Fluctuating Raw Material Prices

How to Manage Higher Costs, Inflation and Collapsing Margins

24.08.2010 -

Before the economic crisis, raw material prices knew only one direction: upwards. The sky seemed to be the limit. Now the situation has changed. No one seems to know in which direction raw material prices will go. They go up and down with irregularity and without any discernible pattern.

Companies have a hard time correctly judging the risk of strongly fluctuating raw material costs. If they pass on increasing costs only minimally, delayed or too conservatively, or if increasing raw material costs coincide with decreasing sales prices, a margin squeeze is inevitable. Highly fluctuating raw material costs and ineffective price management can greatly endanger a company's success.

Bayer, as an example, expects a loss of approximately €500 million in 2010 due to higher raw material costs. The steel industry is in a similar predicament. A price difference of €30 per ton for the remaining capacity of the year is enough to cause either a small profit gain or a huge loss for one major German steel manufacturer.

How do market players assess the current situation? Do volatile raw material costs pose a danger to the economic recovery?  What determines the highs and trends of raw material prices? We asked over 250 European managers from the chemical, construction and base material industries these questions.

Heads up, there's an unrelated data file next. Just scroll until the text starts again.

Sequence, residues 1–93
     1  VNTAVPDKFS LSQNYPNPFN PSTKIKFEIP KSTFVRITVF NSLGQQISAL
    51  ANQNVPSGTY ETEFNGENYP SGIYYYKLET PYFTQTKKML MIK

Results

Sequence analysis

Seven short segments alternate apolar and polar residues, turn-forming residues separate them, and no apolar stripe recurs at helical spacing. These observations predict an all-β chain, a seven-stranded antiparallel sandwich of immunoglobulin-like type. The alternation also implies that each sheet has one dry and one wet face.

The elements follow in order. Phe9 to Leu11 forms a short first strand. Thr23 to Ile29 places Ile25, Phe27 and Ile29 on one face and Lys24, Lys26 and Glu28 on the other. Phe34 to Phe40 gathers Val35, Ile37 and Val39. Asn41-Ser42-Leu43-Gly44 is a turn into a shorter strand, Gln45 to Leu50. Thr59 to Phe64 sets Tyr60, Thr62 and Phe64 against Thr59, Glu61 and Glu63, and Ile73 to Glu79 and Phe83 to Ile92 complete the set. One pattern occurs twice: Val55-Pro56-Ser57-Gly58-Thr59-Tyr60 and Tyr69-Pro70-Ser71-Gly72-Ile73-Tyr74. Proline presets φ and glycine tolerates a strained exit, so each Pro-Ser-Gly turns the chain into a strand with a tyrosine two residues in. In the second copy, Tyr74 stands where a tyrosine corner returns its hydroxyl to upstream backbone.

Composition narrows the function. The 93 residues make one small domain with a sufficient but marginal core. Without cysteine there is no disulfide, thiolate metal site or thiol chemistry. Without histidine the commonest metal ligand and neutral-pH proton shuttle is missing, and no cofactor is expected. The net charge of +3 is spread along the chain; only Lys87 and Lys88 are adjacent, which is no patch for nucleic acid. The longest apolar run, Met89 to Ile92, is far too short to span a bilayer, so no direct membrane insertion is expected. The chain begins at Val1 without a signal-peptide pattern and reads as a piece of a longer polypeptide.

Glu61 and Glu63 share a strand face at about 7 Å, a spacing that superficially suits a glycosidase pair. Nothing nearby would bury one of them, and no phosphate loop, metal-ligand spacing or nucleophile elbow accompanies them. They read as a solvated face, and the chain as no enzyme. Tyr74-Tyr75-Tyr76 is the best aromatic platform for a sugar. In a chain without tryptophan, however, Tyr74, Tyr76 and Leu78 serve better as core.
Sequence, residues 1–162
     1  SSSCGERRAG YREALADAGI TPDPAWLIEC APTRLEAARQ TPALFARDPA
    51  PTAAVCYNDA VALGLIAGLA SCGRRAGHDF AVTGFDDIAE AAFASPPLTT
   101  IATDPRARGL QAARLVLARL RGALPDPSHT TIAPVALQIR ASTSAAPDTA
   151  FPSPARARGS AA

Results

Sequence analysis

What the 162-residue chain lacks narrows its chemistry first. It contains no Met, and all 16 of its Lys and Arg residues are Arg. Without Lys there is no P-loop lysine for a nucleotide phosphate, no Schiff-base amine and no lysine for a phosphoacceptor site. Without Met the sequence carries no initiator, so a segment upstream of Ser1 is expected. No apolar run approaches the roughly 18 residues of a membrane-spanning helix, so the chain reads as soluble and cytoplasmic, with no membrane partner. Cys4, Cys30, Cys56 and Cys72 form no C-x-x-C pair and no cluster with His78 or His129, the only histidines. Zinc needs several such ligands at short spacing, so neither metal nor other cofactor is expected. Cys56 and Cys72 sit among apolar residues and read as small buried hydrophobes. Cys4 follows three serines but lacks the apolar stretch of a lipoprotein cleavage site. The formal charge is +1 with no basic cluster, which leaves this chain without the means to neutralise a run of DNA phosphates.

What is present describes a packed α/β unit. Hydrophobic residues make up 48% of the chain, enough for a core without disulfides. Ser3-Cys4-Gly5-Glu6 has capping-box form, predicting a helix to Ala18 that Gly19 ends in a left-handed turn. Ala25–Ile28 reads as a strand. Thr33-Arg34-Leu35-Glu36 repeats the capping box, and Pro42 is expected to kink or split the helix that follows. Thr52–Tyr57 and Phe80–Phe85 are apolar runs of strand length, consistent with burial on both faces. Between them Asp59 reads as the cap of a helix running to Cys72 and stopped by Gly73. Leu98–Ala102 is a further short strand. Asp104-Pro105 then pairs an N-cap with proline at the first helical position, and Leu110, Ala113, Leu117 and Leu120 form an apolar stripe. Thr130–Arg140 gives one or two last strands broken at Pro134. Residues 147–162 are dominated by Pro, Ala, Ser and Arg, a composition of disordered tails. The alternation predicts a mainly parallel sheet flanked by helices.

Assessment of the Current Market Situation

The price trend of raw materials with its current ups and downs is primarily driven by supply and demand, according to approximately 60% of the surveyed managers. They claim that traditional factors are influencing the situation: the crisis, the reserve level, the free capacities and the current inventory.

But there are other influencing factors at play here: speculations. In an effort to spread out their risk and take advantage of opportunities, investment funds, retirement funds and insurances are investing in the raw material market. Yet, only 40% of the responding managers believe that speculation is the cause of higher raw material costs. This emphasizes that speculators are "only" strengthening the up and down trend. They do not set a specific trend, they simply go where ever looks best.

Facing increasing volatility, companies must move away from rigid and fixed systems. Annual contracts, e.g., are no longer appropriate or up-to-date with the currently volatile raw material cost developments. 70% of the managers confirm this. Moreover, 80% of the respondents are sure that the elimination of annual contracts will further exacerbate the price dynamics.